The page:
ESA Threatened in North Leaside
Article reprinted from Fall 2002 Issue of At the Forks

Picturesque Burke Brook ravine — an Environmentally Significant Area (ESA) running east off of Bayview just north of Eglinton — provides both a refuge for wildlife and a pleasant walking area for local residents. Featuring steep slopes, mature woods, and a narrow valley floor with a gently winding brook, the ravine is a rarity in Toronto: a remnant of the Carolinian forest.

It was originally part of the former Sunnybrook Farm donated to the City in 1928 to become a public park “for all time”. A mid-1970s inventory by the Toronto Field Naturalists found 95 species of birds including Barred Owl, Pileated Woodpecker and Northern Waterthrush. This level of biodiversity may be diminished today, but Burke Brook remains one of the treasures of wildlife habitat in Toronto.

FODE has discovered that Burke Brooke faces an uncertain future, as most of the existing health-care facilities on the south side of the ravine are apparently heading for residential re-development and/or expansion.

Early information suggests that the chiropractic college west of Bayview may be sold for residential development. On the east side of Bayview, Mattamy Homes is seeking to build a small subdivision on the CNIB lands and the Hugh MacMillan Centre is pursuing the construction of a new building. Change may also be in the wind for the Donwood Institute.

Local sewers south of Eglinton are at capacity and back-ups can send sewage into area homes. Rather than repairing these or reducing the sewage volumes by installing low-flow toilets and other water-saving devices, current plans call for expansion of the small sanitary sewer built through Burke Brooke ravine in 1963.

This expansion could seriously harm the ravine and require years of restoration work. FODE has learned that an environmental impact study being conducted for two of the developments indicates there is potential to both repair leaks in the existing sewer and introduce local storm water controls to an area where there currently are none.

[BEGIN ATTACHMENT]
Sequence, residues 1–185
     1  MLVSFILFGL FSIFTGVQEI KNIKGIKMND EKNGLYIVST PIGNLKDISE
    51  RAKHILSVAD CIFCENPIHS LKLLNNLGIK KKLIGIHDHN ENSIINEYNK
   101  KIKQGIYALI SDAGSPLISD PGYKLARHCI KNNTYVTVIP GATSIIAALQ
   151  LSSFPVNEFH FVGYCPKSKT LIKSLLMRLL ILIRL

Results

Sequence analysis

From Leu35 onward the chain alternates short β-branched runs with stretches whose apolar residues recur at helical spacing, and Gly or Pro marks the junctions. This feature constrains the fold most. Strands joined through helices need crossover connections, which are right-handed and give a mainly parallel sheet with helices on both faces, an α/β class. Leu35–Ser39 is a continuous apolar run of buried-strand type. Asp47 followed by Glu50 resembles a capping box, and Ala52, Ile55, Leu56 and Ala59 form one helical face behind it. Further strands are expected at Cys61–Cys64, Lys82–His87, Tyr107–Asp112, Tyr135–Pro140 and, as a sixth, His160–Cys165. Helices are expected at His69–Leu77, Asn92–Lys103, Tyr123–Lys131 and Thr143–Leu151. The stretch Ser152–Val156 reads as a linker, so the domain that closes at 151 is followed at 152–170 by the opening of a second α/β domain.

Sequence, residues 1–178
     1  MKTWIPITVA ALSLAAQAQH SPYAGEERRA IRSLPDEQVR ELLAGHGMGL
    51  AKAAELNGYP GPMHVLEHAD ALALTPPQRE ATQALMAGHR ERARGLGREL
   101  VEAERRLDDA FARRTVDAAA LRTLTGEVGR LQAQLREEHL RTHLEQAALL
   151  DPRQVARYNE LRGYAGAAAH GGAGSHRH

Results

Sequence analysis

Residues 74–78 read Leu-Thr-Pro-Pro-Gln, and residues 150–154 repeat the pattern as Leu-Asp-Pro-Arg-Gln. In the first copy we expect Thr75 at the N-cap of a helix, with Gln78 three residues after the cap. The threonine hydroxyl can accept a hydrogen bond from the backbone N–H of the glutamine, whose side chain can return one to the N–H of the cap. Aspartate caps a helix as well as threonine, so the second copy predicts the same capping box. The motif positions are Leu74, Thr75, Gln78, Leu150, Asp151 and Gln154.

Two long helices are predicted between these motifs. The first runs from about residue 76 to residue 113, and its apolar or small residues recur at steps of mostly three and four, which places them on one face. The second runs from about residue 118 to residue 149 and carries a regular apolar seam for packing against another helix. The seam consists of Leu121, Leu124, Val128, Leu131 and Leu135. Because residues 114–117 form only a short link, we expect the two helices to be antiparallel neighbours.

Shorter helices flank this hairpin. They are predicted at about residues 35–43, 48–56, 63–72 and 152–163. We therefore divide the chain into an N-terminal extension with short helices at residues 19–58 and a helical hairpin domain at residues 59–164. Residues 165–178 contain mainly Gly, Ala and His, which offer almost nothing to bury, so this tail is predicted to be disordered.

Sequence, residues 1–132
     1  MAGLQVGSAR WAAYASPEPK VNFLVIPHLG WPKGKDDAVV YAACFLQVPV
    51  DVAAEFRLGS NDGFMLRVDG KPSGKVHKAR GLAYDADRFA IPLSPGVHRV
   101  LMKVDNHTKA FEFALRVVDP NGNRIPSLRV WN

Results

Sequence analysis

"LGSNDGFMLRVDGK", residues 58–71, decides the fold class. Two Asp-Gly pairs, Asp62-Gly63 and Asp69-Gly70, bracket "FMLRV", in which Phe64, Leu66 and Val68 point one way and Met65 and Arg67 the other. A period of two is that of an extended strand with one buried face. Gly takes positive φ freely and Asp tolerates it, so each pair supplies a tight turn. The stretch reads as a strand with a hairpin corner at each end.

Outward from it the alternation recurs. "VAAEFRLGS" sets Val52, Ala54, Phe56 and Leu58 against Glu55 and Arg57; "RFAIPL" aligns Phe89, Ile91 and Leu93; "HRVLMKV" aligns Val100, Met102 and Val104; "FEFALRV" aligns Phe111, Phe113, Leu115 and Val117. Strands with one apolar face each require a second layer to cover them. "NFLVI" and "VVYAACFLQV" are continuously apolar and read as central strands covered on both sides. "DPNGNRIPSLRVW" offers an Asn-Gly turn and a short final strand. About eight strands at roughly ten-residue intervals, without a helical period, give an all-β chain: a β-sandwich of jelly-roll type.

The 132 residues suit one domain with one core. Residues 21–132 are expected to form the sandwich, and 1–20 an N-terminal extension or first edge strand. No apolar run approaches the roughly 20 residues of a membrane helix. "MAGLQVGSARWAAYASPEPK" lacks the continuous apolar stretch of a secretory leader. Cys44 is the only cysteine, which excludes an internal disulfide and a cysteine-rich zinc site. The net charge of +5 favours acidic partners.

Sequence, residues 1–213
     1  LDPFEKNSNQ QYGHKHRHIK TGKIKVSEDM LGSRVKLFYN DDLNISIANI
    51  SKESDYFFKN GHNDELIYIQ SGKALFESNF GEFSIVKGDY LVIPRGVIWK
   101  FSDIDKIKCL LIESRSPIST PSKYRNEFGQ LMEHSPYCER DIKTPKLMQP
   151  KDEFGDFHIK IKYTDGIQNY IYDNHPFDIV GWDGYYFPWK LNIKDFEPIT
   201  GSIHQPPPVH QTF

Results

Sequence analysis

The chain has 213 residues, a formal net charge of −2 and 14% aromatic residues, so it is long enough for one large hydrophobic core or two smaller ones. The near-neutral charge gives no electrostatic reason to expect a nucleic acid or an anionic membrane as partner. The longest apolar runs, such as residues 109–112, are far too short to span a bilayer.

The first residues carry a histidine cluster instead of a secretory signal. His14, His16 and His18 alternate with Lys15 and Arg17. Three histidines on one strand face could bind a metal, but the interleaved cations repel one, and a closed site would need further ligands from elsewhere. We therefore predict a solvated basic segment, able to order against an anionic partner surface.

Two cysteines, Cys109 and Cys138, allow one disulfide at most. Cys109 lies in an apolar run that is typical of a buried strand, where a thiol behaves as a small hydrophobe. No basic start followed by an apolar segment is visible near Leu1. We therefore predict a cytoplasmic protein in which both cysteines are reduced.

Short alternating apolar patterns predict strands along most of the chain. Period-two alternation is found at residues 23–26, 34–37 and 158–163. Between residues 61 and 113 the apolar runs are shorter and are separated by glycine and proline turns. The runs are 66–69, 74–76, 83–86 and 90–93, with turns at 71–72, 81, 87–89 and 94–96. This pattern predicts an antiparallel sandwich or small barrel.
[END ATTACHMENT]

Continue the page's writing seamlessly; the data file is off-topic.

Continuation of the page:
However, we are concerned that inadequate local sanitary capacity will continue to put sewage into people's basements while natural areas are once again deemed appropriate for sanitary pipes which will inevitably leak into the Don watershed again in another 30, 40, or 50 years. This appears to be a lose-lose proposition.

FODE will continue to investigate this situation, sharing information with members and local residents. We are considering a Task Force to address both the impact of the proposed developments and to encourage local residents to visit, enjoy, and help protect this wonderful ravine.

We are also assisting local residents to monitor the wildlife, ecological features and stormpipes in the ravine as part of our Donwatchers program. If you would like more information or are interested in helping protect the area, please contact FODE at (416) 466- 9153 or at

FODE is a membership-based non-profit organization working to protect and enhance the Don River and to encourage the establishment of healthy and sustainable communities within the central and eastern portions of the Don watershed, Toronto, Ontario. © 2004